Browsing by Subject "lake"

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  • Hampton, Stephanie E.; Galloway, Aaron W. E.; Powers, Stephen M.; Ozersky, Ted; Woo, Kara H.; Batt, Ryan D.; Labou, Stephanie G.; O'Reilly, Catherine M.; Sharma, Sapna; Lottig, Noah R.; Stanley, Emily H.; North, Rebecca L.; Stockwell, Jason D.; Adrian, Rita; Weyhenmeyer, Gesa A.; Arvola, Lauri; Baulch, Helen M.; Bertani, Isabella; Bowman, Larry L.; Carey, Cayelan C.; Catalan, Jordi; Colom-Montero, William; Domine, Leah M.; Felip, Marisol; Granados, Ignacio; Gries, Corinna; Grossart, Hans-Peter; Haberman, Juta; Haldna, Marina; Hayden, Brian; Higgins, Scott N.; Jolley, Jeff C.; Kahilainen, Kimmo K.; Kaup, Enn; Kehoe, Michael J.; MacIntyre, Sally; Mackay, Anson W.; Mariash, Heather L.; Mckay, Robert M.; Nixdorf, Brigitte; Noges, Peeter; Noges, Tiina; Palmer, Michelle; Pierson, Don C.; Post, David M.; Pruett, Matthew J.; Rautio, Milla; Read, Jordan S.; Roberts, Sarah L.; Ruecker, Jacqueline; Sadro, Steven; Silow, Eugene A.; Smith, Derek E.; Sterner, Robert W.; Swann, George E. A.; Timofeyev, Maxim A.; Toro, Manuel; Twiss, Michael R.; Vogt, Richard J.; Watson, Susan B.; Whiteford, Erika J.; Xenopoulos, Marguerite A. (2017)
    Winter conditions are rapidly changing in temperate ecosystems, particularly for those that experience periods of snow and ice cover. Relatively little is known of winter ecology in these systems, due to a historical research focus on summer 'growing seasons'. We executed the first global quantitative synthesis on under-ice lake ecology, including 36 abiotic and biotic variables from 42 research groups and 101 lakes, examining seasonal differences and connections as well as how seasonal differences vary with geophysical factors. Plankton were more abundant under ice than expected; mean winter values were 43.2% of summer values for chlorophyll a, 15.8% of summer phytoplankton biovolume and 25.3% of summer zooplankton density. Dissolved nitrogen concentrations were typically higher during winter, and these differences were exaggerated in smaller lakes. Lake size also influenced winter-summer patterns for dissolved organic carbon (DOC), with higher winter DOC in smaller lakes. At coarse levels of taxonomic aggregation, phytoplankton and zooplankton community composition showed few systematic differences between seasons, although literature suggests that seasonal differences are frequently lake-specific, species-specific, or occur at the level of functional group. Within the subset of lakes that had longer time series, winter influenced the subsequent summer for some nutrient variables and zooplankton biomass.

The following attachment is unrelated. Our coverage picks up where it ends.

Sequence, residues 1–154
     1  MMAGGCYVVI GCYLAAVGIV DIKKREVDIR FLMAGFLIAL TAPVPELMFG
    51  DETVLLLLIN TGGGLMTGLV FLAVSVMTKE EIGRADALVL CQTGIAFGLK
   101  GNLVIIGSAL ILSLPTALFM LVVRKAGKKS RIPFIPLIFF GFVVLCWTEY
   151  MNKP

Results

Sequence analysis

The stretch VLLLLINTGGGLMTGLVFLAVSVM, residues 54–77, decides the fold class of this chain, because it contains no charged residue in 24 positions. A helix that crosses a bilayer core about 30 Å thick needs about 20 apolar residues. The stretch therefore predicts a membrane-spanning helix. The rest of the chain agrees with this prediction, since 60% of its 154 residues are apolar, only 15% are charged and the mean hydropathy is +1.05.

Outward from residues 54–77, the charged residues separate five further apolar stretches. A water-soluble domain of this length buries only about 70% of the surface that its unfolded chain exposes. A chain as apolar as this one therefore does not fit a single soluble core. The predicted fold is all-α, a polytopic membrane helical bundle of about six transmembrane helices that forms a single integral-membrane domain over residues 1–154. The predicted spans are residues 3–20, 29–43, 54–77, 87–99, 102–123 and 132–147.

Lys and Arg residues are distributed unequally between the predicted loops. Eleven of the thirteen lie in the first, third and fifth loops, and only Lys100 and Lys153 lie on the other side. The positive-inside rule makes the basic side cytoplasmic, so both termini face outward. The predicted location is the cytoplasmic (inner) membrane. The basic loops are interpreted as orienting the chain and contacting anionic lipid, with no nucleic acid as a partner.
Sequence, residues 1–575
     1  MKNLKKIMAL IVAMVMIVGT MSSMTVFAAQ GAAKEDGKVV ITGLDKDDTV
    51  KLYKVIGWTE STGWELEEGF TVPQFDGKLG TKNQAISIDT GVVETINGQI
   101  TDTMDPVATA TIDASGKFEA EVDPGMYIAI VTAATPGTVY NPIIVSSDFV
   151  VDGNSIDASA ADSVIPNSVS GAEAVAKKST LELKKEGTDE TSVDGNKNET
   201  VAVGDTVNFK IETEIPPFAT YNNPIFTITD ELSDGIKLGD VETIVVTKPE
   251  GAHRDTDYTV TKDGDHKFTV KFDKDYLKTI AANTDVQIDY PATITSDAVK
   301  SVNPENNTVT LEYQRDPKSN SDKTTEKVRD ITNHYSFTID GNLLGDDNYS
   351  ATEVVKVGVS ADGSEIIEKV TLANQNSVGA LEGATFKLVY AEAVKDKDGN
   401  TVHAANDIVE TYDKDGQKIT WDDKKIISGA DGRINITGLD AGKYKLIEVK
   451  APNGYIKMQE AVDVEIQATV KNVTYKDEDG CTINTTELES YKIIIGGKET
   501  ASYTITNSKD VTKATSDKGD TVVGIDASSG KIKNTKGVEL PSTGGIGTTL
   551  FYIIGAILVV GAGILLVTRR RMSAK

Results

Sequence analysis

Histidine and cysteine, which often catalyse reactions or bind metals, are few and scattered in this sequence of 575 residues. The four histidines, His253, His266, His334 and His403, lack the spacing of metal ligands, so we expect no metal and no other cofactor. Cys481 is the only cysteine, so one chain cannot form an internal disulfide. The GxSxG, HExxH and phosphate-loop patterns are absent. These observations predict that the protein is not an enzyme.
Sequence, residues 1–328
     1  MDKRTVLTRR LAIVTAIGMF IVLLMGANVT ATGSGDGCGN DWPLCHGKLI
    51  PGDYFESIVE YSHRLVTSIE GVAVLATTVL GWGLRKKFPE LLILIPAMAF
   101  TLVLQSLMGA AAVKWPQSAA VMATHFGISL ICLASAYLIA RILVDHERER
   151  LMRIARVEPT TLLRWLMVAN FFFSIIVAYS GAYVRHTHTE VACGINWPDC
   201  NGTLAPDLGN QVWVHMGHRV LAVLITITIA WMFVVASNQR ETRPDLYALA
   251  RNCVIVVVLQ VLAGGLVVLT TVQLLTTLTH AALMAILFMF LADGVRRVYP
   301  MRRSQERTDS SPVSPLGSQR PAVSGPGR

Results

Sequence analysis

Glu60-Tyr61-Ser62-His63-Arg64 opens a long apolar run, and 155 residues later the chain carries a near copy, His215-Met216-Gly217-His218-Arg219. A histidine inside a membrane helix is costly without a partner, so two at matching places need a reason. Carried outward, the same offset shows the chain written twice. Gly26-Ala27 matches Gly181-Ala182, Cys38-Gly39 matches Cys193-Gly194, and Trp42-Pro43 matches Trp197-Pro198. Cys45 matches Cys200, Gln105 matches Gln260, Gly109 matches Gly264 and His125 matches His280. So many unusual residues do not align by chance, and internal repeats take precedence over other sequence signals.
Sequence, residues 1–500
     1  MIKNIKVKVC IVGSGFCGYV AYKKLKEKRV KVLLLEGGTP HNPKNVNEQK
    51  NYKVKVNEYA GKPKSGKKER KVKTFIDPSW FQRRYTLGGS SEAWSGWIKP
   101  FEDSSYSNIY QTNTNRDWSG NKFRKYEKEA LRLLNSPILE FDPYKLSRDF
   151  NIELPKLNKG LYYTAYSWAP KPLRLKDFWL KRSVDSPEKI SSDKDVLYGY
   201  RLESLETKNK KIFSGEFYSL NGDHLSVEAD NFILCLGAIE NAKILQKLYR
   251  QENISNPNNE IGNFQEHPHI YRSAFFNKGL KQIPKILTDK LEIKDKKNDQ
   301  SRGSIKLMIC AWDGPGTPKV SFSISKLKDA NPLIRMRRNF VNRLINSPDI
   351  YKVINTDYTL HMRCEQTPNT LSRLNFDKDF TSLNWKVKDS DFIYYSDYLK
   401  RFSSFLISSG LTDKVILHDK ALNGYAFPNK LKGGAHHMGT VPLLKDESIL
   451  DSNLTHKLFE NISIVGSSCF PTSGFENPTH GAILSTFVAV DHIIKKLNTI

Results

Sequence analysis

• Wade, Andrew J.; Skeffington, Richard A.; Couture, Raoul-Marie; Erlandsson Lampa, Martin; Groot, Simon; Halliday, Sarah J.; Harezlak, Valesca; Hejzlar, Josef; Jackson-Blake, Leah A.; Lepistö, Ahti; Papastergiadou, Eva; Riera, Joan Lluís; Rankinen, Katri; Shahgedanova, Maria; Trolle, Dennis; Whitehead, Paul G.; Psaltopoulos, Demetris; Skuras, Dimitris (MDPI AG, 2022)
    Recent studies have demonstrated that projected climate change will likely enhance nitrogen (N) and phosphorus (P) loss from farms and farmland, with the potential to worsen freshwater eutrophication. Here, we investigate the relative importance of the climate and land use drivers of nutrient loss in nine study catchments in Europe and a neighboring country (Turkey), ranging in area from 50 to 12,000 km2. The aim was to quantify whether planned large-scale, land use change aimed at N and P loss reduction would be effective given projected climate change. To this end, catchment-scale biophysical models were applied within a common framework to quantify the integrated effects of projected changes in climate, land use (including wastewater inputs), N deposition, and water use on river and lake water quantity and quality for the mid-21st century. The proposed land use changes were derived from catchment stakeholder workshops, and the assessment quantified changes in mean annual N and P concentrations and loads. At most of the sites, the projected effects of climate change alone on nutrient concentrations and loads were small, whilst land use changes had a larger effect and were of sufficient magnitude that, overall, a move to more environmentally focused farming achieved a reduction in N and P concentrations and loads despite projected climate change. However, at Beyşehir lake in Turkey, increased temperatures and lower precipitation reduced water flows considerably, making climate change, rather than more intensive nutrient usage, the greatest threat to the freshwater ecosystem. Individual site responses did however vary and were dependent on the balance of diffuse and point source inputs. Simulated lake chlorophyll-a changes were not generally proportional to changes in nutrient loading. Further work is required to accurately simulate the flow and water quality extremes and determine how reductions in freshwater N and P translate into an aquatic ecosystem response.
  • Stivrins, Normunds; Briede, Agrita; Steinberga, Dace; Jasiunas, Nauris; Jeskins, Jurijs; Kalnina, Laimdota; Maksims, Alekss; Rendenieks, Zigmars; Trasune, Liva (2021)